Men: Nehru CollarUsed in both jacket and shirt collars, this Indian inspired lookhas a mandarin type stand up collar and is tight fitting withsmall buttons from neck to waist. Famous nehru wearersinclude The Beatles, The Monkees, and Dr. Evil.
HairFlip Beehive Pixie
HairHead coverings changed dramatically towards the end of the decade asmens hats went out of style, replaced by the bandana, if anything at all.As men let their hair grow long, the Afro became the hairstyle of choicefor African Americans. Mop-top hairstyles were most popular for whiteand Hispanic men, beginning as a short version around 1963 through1964, developing into a longer style worn during 1965-66, eventuallyevolving into an unkempt hippie version worn during the 1967-69period which continued in the early 1970s. Facial hair, evolving in itsextremity from simply having longer sideburns, to moustaches andgoatees, to full-grown beards became popular with young men from1966 onwards.Womens hair styles ranged from beehive hairdos in the early part ofthe decade to the very short styles popularized by Twiggy just five yearslater to a very long straight style as popularized by the hippies in thelate 1960s. Between these extremes, the chin-length contour cut andthe pageboy were also popular.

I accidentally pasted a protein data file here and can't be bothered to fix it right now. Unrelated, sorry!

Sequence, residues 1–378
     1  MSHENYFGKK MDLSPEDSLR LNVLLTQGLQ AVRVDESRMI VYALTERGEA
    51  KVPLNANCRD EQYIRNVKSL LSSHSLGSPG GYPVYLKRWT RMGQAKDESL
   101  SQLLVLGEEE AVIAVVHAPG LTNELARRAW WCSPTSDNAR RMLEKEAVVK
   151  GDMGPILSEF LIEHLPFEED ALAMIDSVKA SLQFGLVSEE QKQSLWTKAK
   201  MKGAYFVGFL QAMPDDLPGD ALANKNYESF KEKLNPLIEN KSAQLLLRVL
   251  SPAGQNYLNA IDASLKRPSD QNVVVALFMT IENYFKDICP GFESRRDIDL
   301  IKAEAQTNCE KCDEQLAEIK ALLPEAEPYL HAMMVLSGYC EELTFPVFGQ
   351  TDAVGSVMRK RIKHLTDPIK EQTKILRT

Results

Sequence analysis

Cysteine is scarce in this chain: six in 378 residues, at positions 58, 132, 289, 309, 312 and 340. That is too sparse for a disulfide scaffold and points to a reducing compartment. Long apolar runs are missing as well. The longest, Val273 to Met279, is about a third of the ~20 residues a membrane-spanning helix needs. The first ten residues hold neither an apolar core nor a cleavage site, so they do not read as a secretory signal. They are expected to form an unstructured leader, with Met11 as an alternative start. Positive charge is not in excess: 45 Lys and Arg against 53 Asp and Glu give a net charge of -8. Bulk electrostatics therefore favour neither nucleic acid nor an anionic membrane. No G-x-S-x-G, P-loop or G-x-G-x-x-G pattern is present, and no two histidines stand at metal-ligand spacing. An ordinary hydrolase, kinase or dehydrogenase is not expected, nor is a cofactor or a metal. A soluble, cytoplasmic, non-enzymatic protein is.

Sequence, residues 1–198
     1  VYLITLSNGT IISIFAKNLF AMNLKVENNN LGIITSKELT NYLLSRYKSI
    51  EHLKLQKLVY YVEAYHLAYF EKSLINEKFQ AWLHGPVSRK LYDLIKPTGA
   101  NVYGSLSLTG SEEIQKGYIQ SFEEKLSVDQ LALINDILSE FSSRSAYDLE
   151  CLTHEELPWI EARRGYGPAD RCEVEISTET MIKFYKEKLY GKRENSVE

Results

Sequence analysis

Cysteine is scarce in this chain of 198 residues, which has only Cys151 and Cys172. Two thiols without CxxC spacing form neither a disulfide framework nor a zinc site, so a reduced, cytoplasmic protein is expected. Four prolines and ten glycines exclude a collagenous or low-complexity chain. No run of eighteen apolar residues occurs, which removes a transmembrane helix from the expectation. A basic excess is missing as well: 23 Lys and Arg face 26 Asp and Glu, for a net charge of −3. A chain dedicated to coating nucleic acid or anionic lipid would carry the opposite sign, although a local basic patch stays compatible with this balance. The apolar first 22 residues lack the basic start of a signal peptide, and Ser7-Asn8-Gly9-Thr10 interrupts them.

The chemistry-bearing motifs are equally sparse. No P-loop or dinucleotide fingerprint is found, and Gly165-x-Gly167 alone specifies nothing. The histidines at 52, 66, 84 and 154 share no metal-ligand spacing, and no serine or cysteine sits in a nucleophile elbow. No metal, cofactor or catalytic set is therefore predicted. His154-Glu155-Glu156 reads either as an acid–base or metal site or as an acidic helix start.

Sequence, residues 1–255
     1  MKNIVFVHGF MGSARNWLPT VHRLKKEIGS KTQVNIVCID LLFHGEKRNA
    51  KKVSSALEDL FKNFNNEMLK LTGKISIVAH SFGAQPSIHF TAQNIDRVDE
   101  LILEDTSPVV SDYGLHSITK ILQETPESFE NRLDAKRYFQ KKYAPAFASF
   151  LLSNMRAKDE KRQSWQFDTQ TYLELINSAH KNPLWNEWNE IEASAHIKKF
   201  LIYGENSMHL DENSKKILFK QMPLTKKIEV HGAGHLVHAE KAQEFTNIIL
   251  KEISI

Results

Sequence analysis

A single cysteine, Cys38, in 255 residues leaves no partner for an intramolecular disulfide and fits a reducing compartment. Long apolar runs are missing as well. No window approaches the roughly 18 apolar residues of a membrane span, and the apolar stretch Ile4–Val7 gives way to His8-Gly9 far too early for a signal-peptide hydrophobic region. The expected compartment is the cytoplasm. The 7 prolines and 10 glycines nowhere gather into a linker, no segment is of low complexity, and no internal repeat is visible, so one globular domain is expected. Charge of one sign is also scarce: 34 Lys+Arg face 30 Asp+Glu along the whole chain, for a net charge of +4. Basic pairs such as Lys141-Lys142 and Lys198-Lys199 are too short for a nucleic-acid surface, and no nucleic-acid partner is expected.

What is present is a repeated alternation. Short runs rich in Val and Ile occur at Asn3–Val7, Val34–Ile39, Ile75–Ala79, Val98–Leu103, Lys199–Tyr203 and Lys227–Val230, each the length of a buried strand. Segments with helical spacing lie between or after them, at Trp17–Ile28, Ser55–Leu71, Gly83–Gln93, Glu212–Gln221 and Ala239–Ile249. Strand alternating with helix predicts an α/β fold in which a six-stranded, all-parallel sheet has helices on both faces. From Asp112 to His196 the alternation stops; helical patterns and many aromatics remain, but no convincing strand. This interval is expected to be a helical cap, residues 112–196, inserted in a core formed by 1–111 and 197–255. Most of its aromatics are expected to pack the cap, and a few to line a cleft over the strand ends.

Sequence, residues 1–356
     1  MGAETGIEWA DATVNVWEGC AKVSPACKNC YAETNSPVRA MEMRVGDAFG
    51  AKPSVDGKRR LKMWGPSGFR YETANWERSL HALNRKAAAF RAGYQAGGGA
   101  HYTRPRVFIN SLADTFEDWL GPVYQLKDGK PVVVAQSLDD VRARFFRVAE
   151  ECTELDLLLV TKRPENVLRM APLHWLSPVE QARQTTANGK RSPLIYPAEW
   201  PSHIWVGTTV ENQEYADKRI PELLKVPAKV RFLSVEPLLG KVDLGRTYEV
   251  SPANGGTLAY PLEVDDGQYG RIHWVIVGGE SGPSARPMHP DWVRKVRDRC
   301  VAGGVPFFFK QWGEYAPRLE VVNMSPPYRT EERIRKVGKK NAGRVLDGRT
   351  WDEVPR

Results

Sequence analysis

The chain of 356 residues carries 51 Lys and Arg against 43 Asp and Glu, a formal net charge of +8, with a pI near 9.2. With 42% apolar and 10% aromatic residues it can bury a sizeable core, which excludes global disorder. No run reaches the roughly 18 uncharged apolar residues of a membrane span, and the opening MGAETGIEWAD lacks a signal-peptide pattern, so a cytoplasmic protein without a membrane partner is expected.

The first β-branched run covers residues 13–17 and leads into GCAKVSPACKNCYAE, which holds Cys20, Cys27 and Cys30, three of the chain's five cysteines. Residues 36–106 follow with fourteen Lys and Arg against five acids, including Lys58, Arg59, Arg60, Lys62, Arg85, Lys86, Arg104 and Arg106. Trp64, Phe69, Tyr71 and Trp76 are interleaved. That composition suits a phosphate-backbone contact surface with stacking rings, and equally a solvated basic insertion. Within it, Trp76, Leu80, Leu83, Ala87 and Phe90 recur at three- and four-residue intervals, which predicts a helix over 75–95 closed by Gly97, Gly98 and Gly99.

Fashion Show - 1965http://www.youtube.com/watch?v=xiXYY9YpzeM
Fashion IconsThroughout the 1960s, a number of famous people sported distinct fashionstyles that were copied all over the world.British teenage supermodel Leslie Hornby, also known as Twiggy due to herstick-thin figure, was a fashion idol to young girls everywhere. Her short,boyish haircut and leggy, waif-like frame graced the covers of every majorfashion magazine.While 1960s fashion was largely youth-driven, fashion icons also dictatedthe style of older women. Throughout her career, movie star AudreyHepburn wore simple, flat shoes, three-quarter length pants, and plainblack shift dresses. Her clothing style and her beehive hairdo, would becopied by millions of women worldwide.Jacqueline Kennedy, wife of US President John F. Kennedy, became widelyknown for her beauty, grace and elegant style of dress. Her many publicappearances popularised pearl necklaces, the pillbox hat (a small hat with aflat top and straight sides) and simple, big-buttoned suits.